▮Hold on to appreciated property and pass it on in your will. As you figure out which assets to give to your grandchildren, Hagen Pruemm in Illinois says you shouldn’t pass on assets that have grown in value, such as real estate or stocks in a taxable account, until after you die.  Your heirs will then benefit from a tax break called “stepped-up basis.”

Let’s say you invested $1,000 in Apple stock 20 years ago. That wise investment is now worth over $695,000 today. If you give that stock to your grandchildren and they sell, they’ll owe capital gains taxes on all of the increase in value. But if you wait until death to transfer by will, the cost basis goes up to the value when you pass away. If the Apple stock continues growing to $1 million by the time you die, your heirs can sell and receive that $1 million tax-free. For gifts, Pruemm recommends instead giving cash or assets that haven’t appreciated in value much.

▮Do some tax planning if you’re leaving retirement plans.  You cannot give away your IRA or 401(k) directly to your grandchildren. The transfer counts as a withdrawal, so you’d owe taxes on the entire balance first. If you leave the account for your grandchild as an inheritance by naming them the beneficiary, they have more time to delay taxes. Most non-spousal heirs must withdraw and pay all owed taxes within 10 years though. Alternatively, Pruemm suggests using some of your retirement funds to buy a life insurance policy while you’re alive. Your heirs would receive the death benefit payment income-tax free.

▮Keep enough for your own retirement. Before you give money away, Pruemm says to make sure you don’t deprive yourself in retirement, especially in the event of a market crash or a major health care bill. “This is where we see the most regret,” he says, noting people don’t want to take money back from their grandkids and legally can’t with some of the gifting options. “Make sure your own oxygen mask is secure before trying to help others.”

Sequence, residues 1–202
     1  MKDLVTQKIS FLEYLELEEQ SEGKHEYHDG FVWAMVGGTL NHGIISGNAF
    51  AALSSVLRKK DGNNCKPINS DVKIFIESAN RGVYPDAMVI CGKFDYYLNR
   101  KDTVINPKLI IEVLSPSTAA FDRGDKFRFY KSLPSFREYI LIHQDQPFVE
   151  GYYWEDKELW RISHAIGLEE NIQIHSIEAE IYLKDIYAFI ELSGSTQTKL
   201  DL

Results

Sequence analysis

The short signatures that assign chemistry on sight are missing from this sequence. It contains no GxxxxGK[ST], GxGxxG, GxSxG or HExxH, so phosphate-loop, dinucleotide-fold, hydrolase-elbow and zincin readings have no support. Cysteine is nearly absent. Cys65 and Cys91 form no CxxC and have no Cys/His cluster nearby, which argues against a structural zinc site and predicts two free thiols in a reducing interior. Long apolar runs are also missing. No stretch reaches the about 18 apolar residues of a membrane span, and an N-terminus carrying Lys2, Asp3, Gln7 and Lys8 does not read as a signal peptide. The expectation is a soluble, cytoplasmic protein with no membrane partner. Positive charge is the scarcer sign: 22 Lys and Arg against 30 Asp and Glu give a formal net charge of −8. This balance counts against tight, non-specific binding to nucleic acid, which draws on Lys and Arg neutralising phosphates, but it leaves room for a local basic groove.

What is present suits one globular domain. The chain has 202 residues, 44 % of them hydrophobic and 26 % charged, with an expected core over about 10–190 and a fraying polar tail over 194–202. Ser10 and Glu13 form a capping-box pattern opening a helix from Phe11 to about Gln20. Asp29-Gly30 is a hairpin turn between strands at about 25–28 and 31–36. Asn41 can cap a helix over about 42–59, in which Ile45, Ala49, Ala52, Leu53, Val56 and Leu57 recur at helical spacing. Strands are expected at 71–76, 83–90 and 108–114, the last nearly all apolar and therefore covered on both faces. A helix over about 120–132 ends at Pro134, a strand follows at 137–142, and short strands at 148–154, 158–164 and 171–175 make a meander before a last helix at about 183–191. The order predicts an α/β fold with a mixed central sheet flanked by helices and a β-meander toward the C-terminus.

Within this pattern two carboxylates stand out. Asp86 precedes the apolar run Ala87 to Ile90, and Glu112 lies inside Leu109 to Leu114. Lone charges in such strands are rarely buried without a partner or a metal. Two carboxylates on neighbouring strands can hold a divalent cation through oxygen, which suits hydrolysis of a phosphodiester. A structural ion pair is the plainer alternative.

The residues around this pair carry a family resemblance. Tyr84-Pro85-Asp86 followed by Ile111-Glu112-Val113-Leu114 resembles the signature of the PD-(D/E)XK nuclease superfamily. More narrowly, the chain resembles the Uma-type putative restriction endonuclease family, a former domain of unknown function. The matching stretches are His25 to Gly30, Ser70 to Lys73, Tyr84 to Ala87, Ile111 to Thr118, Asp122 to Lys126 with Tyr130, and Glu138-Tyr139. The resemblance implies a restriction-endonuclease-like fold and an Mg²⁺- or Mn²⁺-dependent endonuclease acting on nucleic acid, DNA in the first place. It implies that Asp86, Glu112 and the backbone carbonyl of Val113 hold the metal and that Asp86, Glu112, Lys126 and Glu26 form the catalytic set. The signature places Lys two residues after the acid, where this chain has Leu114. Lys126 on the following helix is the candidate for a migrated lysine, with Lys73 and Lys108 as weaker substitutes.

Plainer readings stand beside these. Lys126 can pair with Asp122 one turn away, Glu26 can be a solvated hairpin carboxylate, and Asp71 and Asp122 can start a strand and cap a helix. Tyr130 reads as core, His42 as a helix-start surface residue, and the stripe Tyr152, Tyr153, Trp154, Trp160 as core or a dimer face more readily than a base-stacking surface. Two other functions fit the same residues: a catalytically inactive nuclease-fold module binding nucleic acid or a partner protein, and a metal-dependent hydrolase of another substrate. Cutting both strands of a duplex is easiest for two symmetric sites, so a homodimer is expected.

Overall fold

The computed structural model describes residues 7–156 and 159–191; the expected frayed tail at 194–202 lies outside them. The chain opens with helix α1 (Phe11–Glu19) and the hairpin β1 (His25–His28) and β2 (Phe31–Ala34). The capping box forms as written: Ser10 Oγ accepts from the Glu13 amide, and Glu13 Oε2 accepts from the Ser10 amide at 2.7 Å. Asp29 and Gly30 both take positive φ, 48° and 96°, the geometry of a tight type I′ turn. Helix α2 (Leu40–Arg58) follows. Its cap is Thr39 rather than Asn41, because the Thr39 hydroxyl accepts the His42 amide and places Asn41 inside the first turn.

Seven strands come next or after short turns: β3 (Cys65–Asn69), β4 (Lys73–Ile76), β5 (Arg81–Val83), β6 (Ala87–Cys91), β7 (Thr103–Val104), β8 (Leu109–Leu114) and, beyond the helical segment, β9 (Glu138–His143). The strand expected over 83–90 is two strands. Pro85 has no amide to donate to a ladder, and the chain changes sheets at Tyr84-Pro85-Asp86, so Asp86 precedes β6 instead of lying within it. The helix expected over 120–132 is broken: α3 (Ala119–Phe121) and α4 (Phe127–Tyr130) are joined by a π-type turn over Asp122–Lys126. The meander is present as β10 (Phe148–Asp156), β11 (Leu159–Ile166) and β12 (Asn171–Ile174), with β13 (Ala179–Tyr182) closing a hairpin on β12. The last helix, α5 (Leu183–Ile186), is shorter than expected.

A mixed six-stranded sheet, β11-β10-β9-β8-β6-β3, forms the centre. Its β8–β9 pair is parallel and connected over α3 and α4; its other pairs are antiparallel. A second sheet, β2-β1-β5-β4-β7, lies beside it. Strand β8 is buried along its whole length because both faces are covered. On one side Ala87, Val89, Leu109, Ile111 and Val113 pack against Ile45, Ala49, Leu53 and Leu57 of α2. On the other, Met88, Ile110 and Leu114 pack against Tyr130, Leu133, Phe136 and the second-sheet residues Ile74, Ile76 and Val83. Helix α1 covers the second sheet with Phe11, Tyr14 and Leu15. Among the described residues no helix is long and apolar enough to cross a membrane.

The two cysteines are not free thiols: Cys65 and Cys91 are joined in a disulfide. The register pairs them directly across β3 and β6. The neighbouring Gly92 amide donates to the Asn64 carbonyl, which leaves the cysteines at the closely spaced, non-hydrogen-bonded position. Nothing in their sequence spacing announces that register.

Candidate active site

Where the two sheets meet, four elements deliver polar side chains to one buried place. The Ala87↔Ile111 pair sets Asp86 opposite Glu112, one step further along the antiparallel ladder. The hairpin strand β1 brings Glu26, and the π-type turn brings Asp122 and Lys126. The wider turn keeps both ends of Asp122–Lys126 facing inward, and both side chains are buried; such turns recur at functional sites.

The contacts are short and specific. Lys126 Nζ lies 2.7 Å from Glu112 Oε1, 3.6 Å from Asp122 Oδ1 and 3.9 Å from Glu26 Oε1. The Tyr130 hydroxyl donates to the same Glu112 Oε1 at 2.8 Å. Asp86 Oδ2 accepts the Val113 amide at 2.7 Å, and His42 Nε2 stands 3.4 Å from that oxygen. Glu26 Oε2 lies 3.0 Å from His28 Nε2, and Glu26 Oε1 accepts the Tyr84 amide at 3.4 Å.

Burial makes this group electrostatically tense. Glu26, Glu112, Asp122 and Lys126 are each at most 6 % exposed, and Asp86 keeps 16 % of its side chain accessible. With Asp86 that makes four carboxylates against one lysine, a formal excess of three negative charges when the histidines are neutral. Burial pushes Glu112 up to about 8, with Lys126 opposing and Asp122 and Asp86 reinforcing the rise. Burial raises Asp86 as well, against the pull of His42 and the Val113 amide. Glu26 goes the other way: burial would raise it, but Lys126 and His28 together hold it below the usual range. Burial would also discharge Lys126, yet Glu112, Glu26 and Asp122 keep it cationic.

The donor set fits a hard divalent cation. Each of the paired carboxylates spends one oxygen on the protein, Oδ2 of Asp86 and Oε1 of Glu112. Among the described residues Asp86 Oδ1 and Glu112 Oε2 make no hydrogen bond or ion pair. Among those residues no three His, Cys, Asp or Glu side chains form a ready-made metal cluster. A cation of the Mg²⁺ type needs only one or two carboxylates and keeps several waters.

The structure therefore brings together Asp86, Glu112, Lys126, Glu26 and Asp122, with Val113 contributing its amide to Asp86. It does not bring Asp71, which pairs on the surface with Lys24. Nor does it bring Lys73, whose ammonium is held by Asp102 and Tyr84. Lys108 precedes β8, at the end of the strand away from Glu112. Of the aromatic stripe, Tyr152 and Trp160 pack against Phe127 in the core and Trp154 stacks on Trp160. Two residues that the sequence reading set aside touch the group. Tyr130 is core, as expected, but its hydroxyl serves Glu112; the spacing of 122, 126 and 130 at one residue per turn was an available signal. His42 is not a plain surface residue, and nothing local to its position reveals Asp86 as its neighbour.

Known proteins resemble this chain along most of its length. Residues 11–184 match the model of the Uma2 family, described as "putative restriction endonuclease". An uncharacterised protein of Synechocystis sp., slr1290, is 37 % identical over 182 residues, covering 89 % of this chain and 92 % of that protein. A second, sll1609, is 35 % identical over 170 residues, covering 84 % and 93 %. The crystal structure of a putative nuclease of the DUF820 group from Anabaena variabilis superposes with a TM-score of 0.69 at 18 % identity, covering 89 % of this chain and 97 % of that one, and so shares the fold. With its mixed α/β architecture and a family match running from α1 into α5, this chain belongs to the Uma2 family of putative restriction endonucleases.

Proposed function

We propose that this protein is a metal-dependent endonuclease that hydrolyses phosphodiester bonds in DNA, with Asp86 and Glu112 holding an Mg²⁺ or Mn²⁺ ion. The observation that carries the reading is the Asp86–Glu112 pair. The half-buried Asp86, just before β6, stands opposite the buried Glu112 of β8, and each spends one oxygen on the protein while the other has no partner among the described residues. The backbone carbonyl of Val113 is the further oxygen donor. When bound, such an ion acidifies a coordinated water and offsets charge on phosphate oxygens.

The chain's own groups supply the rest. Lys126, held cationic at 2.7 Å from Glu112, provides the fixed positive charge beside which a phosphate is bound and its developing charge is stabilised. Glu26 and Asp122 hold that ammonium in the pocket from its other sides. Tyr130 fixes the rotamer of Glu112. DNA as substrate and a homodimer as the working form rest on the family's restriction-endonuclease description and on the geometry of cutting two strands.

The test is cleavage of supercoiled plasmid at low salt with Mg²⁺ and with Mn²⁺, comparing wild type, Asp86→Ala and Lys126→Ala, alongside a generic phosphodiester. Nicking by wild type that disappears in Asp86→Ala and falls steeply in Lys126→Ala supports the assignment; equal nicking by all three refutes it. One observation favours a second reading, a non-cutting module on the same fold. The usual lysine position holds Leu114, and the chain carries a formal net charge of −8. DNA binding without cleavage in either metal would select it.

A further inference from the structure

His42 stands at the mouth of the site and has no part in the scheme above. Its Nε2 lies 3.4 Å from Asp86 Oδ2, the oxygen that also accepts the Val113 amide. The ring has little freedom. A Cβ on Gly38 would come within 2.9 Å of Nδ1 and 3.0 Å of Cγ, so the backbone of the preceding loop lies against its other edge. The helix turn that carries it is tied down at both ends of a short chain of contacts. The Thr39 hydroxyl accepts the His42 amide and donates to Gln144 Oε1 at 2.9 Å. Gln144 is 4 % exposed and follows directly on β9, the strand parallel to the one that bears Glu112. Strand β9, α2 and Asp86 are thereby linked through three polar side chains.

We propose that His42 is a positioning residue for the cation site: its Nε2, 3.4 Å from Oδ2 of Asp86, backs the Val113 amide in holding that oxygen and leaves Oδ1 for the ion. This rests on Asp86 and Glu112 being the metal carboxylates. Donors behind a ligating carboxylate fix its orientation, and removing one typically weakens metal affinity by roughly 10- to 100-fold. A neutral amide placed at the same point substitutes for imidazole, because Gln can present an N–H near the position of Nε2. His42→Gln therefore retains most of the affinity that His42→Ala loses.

In the end, Timmons, the retiree from North Carolina, ran the numbers and decided giving more to his grandchildren made him happier than other retirement spending. “I could have had a bigger house. I could have driven a Lexus instead of a Honda. My wife and I didn’t sacrifice but decided we could do with fewer personal purchases on behalf of our grandchildren.”

How to talk to your grandchildren about money

You don’t have to become a TikTok star to connect with your grandchildren. 

Money is a topic many Americans are terrified to discuss. One out of four Americans admit they have never talked about money with their parents, according to a 2022 survey from 

It can feel even more awkward to discuss with a grandchild 50 or more years younger, speaking what feels like a different language. Boston financial analyst Paul Karger recommends you work with your children to figure out how you’ll both handle these conversations with the grandkids early. “You can’t wait until they head off to college.” Discuss the gifts you have planned and how you and their parents can start teaching the grandkids about using the money properly.

RBC Wealth Management’s O’Leary thinks shared investment accounts are a great way to teach grandkids how to invest. “Talk to the kids about the investments they’re making. Why did they pick the investments? Are they diversifying? Focus on education as well as the gift.” 

Pruemm suggests writing a journal in your own words about why you’re making these financial gifts and what you hope the grandchild accomplishes with them. “They’ll see your thoughts and remember the good feelings they had for you. They’ll treat the money more wisely versus running off and buying a fancy car.” 

Note: This item first appeared in Kiplinger’s Retirement Report, our popular monthly periodical that covers key concerns of affluent older Americans who are retired or preparing for retirement. Subscribe for retirement advice  that’s right on the money.

David Rodeck
Contributing Writer, Kiplinger's Retirement Report